Those of you who know Tiddles will probably be interested to know that he had a really positive time on both his work experiences. His first week was at the RSPCA, working in all areas and having chance to talk to the inspector. He learnt things about doing repetitive work as carefully as the interesting stuff, he learnt about not going out in the evening if you’ve got to be up early next day ( ! ), he learnt about making his own lunch and arranging his own transport, he learnt about the importance of health and safety rules (even if it is a bit ridiculous that a boy who can shear a sheep and who drives, feeds and milks the cows isn’t deemed old enough to hold the lead when walking a dog!). He fell in love with ferrets, an animal he’d never liked before, and the lovely one-eyed, deaf cat called Belle who cannot be rehomed. And he learned that if you have to put a presentation together about your week’s work, it isn’t a good idea to leave taking the photographs all for the last day!
I was very impressed that he wrote to thank them for having him there and, even more so, that he set himself the challenge of baking them a cake for his last day there!
His second week was spent at the Hospice. He’d wanted to work there originally when he’d been thinking of going into nursing and decided that he’d go ahead with the work experience, even though he’d decided he wanted to work with animals in preference to people… just to make sure, like.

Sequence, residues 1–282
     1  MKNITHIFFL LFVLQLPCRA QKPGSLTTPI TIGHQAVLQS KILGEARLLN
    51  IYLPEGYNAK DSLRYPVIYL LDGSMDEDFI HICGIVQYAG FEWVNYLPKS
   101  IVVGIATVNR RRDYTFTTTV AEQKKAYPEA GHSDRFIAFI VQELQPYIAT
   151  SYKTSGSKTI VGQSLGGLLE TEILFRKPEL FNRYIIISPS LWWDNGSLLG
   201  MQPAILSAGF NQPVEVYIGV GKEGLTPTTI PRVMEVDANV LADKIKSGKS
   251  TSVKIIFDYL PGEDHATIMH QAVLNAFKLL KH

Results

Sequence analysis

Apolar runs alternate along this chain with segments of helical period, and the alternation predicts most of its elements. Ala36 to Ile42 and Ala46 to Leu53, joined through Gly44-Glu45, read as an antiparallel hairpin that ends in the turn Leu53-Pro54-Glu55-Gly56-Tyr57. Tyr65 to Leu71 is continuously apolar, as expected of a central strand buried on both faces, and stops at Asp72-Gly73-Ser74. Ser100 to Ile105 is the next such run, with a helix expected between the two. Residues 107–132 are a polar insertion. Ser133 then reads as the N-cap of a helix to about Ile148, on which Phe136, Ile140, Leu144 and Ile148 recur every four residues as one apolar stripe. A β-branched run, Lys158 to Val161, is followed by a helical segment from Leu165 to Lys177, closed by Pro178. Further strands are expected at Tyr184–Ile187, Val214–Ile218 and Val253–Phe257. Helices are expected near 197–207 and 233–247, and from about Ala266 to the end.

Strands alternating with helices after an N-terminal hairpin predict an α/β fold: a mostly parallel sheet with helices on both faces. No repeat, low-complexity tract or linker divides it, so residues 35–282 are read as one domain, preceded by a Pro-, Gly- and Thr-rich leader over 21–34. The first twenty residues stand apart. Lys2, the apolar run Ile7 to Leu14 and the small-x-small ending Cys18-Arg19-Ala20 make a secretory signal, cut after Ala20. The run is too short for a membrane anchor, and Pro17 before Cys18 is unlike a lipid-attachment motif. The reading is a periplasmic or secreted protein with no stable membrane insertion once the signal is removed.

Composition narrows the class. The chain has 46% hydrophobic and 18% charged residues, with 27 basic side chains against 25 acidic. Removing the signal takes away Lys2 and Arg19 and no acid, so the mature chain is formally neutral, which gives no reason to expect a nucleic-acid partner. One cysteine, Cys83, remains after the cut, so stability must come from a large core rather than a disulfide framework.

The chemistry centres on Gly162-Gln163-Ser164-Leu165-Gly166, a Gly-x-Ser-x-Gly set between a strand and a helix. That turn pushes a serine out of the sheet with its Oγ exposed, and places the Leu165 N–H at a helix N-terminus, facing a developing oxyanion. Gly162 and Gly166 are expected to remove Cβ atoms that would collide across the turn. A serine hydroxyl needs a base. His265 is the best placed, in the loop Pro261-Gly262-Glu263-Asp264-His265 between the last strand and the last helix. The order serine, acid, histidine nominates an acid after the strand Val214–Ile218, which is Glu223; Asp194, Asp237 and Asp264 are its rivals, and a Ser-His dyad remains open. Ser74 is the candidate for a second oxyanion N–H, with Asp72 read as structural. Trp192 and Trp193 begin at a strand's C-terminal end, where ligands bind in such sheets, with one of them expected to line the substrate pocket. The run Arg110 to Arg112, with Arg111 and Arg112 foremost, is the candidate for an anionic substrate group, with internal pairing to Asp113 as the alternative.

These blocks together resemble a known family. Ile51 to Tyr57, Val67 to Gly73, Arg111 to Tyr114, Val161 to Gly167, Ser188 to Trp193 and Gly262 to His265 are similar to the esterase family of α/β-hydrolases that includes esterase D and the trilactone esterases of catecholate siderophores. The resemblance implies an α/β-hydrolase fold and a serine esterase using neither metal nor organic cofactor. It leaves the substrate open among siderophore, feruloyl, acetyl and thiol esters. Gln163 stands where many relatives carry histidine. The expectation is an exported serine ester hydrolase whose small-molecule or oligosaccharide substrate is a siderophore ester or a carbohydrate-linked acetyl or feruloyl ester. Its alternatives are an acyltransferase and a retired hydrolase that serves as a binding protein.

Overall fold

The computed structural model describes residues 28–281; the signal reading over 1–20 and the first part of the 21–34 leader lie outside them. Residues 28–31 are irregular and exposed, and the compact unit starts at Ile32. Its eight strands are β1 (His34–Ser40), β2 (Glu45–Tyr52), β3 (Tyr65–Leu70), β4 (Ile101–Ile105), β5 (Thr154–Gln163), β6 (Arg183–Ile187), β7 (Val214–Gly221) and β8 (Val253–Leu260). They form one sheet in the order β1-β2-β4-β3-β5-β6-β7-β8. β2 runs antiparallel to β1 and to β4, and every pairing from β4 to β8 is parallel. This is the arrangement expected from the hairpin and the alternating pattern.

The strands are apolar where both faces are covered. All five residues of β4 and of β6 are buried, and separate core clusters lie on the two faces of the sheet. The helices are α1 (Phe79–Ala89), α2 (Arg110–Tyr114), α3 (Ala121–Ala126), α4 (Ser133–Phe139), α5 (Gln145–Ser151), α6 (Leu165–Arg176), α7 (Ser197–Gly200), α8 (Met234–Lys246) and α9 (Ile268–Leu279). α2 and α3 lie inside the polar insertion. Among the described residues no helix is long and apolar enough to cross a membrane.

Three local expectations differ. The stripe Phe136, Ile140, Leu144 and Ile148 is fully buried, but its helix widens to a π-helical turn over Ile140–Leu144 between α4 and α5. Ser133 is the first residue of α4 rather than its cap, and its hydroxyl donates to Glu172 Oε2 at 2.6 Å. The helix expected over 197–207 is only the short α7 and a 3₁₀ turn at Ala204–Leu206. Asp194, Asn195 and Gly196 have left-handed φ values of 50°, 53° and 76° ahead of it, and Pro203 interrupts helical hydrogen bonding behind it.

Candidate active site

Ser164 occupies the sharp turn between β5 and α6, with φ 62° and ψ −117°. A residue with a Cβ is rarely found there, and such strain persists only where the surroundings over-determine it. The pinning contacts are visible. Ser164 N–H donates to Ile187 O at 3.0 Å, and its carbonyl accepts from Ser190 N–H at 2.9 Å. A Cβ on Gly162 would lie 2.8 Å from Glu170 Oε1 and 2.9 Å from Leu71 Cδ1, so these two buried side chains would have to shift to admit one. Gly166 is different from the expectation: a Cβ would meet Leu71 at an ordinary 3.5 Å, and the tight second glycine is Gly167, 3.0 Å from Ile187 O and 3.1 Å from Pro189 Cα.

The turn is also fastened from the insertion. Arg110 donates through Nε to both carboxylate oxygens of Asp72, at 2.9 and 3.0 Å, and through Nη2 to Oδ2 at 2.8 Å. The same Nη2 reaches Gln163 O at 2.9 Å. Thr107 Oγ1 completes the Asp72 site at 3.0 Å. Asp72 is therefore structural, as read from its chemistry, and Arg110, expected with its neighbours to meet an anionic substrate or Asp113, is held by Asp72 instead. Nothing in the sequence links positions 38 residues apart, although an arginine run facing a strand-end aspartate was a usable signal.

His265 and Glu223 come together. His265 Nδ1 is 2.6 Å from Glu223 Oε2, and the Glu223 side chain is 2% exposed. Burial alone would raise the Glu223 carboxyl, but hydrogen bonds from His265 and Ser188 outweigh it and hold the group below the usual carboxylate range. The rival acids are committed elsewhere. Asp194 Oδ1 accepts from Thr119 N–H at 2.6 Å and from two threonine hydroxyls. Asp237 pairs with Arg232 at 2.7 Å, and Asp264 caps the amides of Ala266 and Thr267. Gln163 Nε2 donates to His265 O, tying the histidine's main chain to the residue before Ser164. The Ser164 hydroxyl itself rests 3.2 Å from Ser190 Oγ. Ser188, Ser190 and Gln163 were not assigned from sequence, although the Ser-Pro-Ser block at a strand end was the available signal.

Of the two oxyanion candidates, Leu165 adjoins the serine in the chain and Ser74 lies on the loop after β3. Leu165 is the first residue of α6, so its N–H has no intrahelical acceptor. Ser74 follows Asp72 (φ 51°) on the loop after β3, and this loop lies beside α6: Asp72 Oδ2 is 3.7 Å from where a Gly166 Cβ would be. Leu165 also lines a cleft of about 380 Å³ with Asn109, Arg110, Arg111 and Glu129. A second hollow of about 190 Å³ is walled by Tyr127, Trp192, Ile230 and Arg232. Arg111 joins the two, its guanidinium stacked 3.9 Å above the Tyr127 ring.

It was a doddle of a week in some respects. He didn’t have to be there until 9.30 am and finished at 3.15pm. And he wasn’t able to work in the wards, so was just doing the job of a volunteer in day care, making teas and coffees and keeping the patients company. (We made the most of his short hours, however, by finding plenty of jobs for him to do helping his uncle with the DIY jobs before and after work!) But he learnt things of far more value. He learnt that he brushes up quite nicely and looks really rather grown up and cool in a shirt and slacks. He learnt that he has a skill that not many teenagers have, that of talking to people clearly and making eye contact and actually taking the first step to talk to someone even though feeling a little shy. He learnt that he has loads to offer people who are weak and needful of help, that he is sensitive to their needs and enjoys meeting them. He learnt that working with people is actually more to his liking than with animals and that he’s determined at least to volunteer at the hospice during his holidays. And he learnt that he misses his grandad more than he actually realised.
He also learned that it was not just mummy boosting his confidence when she told him that he is skillful with people but also a skillful photographer. He took some of his photographs in for the art teacher to put in their folder of pictures and also a framed one to put in the raffle, and was astounded at the enthusiastic reception of them.
My son grew a good two inches in stature over the fortnight. Standing tall, confident, high in self esteem. I am a proud mum, regardless of the trouble he’s caused. He’s a smashing lad.